RFID (and NFC): What is it & how can it help you?

Executive Summary: RFID is defined and the differences between RFID and NFC are explained here. Also discussed is how they can help your company.

RFID defined. RFID stands for Radio Frequency Identification. It’s a process. It is a process where items can be uniquely identified using radio waves. By taking a tag of some sort (i.e. a special label or an RFID dog tag) and attaching it to the item, the item can be identified via radio frequency. An active tag sends out a signal within a significant distance while a passive tag only works within a very small radius.

RFID signal radius. Active tags have a power source and, therefore, can transmit for hundreds of feet. Passive tags are powered only by the electromagnetic energy transmitted by the tag reader (in the case of asset labels or RFID dog tags, just the little metal coil inside the tag), and can transmit only within dozens of feet or mere centimeters.

NFC tag
QR code

NFC defined. NFC stands for Near Field Communication. It’s the technology in your apartment FOB, your hotel key, and even in your smart phone. NFC is RFID; a subset of RFID.

How it can help your company. The most common use of RFID and its subset technology called NFC is for asset tracking.

RFID is used commonly during rental equipment check in and check out. A tool can have an RFID tag on it and when it leaves the yard it sends a signal to the office saying, “I’m leaving the yard!”; the same type of message gets sent when the asset returns to the yard: “I’m back in the yard!”.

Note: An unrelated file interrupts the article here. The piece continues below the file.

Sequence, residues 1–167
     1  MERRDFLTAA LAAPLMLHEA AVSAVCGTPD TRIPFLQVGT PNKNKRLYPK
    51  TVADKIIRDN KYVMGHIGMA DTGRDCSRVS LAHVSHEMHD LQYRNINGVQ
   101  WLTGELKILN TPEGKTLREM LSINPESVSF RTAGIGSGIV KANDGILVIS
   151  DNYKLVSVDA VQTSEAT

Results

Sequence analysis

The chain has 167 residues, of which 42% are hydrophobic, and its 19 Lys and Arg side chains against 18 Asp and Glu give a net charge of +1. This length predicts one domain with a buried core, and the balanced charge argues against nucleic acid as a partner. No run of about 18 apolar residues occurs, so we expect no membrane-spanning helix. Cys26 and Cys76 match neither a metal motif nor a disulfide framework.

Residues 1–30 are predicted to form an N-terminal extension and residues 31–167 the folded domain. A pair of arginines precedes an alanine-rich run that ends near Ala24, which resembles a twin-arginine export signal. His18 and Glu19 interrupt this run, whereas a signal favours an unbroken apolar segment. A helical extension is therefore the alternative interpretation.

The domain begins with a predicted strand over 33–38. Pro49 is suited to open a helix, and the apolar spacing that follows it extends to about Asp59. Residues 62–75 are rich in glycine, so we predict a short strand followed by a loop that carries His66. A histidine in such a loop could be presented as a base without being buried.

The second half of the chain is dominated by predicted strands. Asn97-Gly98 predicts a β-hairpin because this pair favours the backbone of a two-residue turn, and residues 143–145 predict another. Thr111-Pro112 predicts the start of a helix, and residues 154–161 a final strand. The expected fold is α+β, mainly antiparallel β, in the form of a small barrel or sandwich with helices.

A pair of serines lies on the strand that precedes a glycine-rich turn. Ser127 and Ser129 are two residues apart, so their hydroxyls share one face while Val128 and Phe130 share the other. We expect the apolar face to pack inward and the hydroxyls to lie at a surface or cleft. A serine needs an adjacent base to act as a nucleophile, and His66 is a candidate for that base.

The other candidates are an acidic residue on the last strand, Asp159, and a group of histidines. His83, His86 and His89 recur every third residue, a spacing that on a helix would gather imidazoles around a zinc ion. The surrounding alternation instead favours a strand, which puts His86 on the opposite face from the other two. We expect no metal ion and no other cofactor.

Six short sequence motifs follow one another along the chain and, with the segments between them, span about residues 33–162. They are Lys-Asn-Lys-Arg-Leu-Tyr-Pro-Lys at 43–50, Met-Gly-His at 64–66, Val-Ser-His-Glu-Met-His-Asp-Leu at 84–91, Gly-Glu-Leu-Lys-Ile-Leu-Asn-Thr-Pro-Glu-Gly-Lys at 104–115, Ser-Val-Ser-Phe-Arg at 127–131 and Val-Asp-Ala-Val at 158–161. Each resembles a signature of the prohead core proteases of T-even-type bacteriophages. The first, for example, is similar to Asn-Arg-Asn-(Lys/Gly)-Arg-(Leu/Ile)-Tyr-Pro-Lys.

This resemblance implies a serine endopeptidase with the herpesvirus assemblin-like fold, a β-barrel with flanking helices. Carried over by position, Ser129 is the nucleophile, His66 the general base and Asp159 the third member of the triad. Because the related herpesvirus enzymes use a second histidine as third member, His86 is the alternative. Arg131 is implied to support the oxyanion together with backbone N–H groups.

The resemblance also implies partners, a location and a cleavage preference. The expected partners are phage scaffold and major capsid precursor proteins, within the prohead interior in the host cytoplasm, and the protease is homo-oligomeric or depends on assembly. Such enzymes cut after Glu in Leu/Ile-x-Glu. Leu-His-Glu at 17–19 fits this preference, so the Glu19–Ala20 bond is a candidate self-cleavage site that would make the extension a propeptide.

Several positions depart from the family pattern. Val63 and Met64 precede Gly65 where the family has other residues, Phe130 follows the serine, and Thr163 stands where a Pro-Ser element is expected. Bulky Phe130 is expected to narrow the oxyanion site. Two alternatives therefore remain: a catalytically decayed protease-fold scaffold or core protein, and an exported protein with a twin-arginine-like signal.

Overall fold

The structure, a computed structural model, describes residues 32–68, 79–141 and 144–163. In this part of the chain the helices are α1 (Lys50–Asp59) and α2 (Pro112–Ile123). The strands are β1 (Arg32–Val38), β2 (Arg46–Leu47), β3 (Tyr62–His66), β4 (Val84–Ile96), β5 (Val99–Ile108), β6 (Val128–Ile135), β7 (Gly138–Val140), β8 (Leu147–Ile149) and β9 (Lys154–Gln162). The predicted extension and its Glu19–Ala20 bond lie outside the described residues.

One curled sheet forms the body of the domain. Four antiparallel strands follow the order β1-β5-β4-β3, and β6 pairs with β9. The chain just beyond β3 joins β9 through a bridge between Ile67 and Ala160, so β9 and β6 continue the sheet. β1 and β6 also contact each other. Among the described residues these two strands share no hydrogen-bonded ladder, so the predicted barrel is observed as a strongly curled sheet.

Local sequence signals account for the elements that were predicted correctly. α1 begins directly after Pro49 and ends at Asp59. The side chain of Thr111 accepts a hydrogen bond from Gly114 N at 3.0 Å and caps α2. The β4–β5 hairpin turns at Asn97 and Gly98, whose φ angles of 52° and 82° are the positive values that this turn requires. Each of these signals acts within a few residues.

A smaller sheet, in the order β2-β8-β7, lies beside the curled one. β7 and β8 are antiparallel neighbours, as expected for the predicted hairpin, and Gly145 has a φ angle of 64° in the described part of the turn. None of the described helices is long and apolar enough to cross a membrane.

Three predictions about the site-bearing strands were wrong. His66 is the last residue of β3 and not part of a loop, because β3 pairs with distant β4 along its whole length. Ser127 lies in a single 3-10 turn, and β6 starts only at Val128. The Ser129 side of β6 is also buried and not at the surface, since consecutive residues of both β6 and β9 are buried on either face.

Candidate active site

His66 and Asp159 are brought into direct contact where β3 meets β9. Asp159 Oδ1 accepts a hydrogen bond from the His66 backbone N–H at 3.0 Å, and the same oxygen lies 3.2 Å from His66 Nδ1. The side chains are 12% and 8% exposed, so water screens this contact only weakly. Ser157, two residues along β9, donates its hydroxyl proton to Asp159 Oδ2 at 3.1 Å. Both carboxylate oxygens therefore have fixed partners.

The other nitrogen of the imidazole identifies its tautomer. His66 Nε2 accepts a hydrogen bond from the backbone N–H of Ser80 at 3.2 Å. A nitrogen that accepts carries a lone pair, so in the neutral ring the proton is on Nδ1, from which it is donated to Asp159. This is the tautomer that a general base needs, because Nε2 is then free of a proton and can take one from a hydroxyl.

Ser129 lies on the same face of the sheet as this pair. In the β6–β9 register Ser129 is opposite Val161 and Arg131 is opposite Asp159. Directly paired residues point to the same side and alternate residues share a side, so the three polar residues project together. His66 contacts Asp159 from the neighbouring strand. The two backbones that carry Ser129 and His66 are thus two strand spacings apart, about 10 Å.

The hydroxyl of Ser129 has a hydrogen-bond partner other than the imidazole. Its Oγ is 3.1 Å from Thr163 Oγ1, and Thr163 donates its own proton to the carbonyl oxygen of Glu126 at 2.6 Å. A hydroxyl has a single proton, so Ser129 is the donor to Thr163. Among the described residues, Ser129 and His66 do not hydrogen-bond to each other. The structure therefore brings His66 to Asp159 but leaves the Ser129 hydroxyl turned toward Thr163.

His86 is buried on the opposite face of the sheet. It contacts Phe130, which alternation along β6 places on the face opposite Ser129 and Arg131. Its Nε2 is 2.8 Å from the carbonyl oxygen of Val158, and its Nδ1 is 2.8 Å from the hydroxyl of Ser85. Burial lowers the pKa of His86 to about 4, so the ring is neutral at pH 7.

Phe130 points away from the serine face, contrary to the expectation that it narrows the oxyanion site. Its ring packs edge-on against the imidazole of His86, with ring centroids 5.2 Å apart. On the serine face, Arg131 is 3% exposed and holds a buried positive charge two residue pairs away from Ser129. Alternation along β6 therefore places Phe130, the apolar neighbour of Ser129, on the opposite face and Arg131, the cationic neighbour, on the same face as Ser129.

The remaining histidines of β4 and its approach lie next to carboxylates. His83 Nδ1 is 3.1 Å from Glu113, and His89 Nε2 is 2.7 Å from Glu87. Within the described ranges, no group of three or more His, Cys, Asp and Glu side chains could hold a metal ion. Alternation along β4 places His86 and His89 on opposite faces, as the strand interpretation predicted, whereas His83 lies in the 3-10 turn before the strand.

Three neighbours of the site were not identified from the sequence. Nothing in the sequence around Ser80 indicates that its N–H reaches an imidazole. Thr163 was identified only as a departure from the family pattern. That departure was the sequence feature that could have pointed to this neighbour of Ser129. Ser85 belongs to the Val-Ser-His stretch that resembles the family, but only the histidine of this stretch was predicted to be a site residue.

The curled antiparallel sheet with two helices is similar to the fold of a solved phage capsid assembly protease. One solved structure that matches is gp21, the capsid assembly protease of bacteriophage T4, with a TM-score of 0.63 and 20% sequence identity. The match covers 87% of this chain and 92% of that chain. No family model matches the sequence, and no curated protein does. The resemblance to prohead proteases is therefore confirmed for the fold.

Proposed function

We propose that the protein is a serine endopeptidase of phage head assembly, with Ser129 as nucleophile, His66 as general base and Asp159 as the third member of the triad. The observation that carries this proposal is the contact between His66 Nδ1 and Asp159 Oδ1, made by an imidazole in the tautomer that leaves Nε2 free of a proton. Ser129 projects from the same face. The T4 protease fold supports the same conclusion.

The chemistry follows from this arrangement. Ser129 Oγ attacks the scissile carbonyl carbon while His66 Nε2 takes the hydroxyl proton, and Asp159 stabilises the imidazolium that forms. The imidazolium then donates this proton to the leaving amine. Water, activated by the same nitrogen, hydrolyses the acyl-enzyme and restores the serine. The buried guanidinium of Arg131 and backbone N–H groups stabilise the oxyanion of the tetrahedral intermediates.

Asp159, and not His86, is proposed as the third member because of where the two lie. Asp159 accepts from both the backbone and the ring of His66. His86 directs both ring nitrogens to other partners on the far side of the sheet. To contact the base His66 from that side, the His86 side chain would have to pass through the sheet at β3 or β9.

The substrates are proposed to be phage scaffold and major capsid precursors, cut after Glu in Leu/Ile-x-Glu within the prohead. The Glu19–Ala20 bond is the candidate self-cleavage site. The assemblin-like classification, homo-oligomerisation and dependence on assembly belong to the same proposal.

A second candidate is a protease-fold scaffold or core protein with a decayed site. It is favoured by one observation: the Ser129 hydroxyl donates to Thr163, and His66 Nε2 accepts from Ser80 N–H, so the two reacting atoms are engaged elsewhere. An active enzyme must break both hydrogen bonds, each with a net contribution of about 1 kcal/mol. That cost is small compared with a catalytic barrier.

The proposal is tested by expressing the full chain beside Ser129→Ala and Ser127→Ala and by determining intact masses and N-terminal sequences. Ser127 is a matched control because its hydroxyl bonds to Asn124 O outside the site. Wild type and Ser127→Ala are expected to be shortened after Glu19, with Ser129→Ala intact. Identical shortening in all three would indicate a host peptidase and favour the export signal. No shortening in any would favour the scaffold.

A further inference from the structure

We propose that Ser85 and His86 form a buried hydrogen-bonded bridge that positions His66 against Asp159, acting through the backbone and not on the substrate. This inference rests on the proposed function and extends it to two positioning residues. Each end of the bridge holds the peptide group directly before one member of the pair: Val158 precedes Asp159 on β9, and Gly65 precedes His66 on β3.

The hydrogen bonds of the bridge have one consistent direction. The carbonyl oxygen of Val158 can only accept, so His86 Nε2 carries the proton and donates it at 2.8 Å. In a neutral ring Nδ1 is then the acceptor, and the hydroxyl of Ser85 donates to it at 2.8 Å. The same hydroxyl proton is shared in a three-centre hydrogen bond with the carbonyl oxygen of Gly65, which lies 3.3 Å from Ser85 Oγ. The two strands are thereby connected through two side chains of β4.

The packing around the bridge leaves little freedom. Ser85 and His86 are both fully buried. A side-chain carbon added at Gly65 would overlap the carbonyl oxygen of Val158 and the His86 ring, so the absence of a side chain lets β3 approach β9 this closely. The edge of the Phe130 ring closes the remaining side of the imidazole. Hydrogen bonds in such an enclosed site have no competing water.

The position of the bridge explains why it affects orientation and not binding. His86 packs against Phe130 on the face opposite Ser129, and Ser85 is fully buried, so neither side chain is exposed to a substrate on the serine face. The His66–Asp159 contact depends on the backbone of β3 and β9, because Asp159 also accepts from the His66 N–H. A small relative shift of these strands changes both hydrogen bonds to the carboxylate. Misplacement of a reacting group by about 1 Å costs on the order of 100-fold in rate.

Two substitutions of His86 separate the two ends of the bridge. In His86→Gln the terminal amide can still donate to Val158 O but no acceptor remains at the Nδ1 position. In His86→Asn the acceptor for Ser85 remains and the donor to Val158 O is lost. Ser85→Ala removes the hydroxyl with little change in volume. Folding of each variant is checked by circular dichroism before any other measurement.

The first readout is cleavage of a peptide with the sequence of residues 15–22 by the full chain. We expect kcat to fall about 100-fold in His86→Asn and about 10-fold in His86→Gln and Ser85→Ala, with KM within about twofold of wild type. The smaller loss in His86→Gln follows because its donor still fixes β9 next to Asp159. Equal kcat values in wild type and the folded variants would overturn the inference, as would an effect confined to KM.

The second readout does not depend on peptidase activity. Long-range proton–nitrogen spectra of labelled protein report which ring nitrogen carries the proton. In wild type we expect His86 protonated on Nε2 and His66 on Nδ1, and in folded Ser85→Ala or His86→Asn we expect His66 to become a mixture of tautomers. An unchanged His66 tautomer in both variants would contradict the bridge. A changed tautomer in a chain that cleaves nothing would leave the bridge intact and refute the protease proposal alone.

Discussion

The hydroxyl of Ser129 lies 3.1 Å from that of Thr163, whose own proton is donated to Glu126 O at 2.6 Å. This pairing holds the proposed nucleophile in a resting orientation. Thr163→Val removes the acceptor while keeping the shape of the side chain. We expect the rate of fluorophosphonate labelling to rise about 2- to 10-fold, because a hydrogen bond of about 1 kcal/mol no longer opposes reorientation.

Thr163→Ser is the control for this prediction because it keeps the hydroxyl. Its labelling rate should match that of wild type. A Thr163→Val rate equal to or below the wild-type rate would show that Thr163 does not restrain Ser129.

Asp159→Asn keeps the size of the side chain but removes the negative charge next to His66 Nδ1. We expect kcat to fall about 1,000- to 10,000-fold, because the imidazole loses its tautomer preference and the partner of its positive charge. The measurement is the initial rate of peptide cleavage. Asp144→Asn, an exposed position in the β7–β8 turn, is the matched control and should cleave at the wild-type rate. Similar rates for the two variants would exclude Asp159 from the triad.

NFC tags are used in on-demand scanning applications such as equipment and tool tracking. A label (simply put, a sticker with a tiny wire coil in it) is put on anything from a hand tool to a large crawler crane and users can scan the label using their smart phone or other device. The scan of the asset can show nearly unlimited information, but most companies show location, date, and time at a minimum.

My Story. Runjob Software’s product called Runasset uses NFC technology in addition to QR codes (those square black and white barcodes you might see on products and advertising). Our clients like the simplicity of the technology, the ruggedness of the labels, and the ability to use labels in “dirty” applications (like concrete vibrators which historically are always covered in concrete). The concrete splatter can cover the label and, because the NFC labels work with an electromagnetic field, it signals right through the concrete splatter!

Come by Runasset.com and learn more about how our asset tracking can prevent headaches, keep your company organized, and save you thousands of dollars a year!